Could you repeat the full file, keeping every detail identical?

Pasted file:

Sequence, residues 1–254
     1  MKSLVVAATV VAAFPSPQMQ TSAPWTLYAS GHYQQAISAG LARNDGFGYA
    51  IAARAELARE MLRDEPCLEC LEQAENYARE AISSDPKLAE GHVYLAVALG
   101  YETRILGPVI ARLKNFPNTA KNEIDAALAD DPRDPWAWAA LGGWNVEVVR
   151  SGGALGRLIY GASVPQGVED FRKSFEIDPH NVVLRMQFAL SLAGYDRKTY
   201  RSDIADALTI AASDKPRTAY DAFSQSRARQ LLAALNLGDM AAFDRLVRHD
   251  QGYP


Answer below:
Sequence, residues 1–254
     1  MKSLVVAATV VAAFPSPQMQ TSAPWTLYAS GHYQQAISAG LARNDGFGYA
    51  IAARAELARE MLRDEPCLEC LEQAENYARE AISSDPKLAE GHVYLAVALG
   101  YETRILGPVI ARLKNFPNTA KNEIDAALAD DPRDPWAWAA LGGWNVEVVR
   151  SGGALGRLIY GASVPQGVED FRKSFEIDPH NVVLRMQFAL SLAGYDRKTY
   201  RSDIADALTI AASDKPRTAY DAFSQSRARQ LLAALNLGDM AAFDRLVRHD
   251  QGYP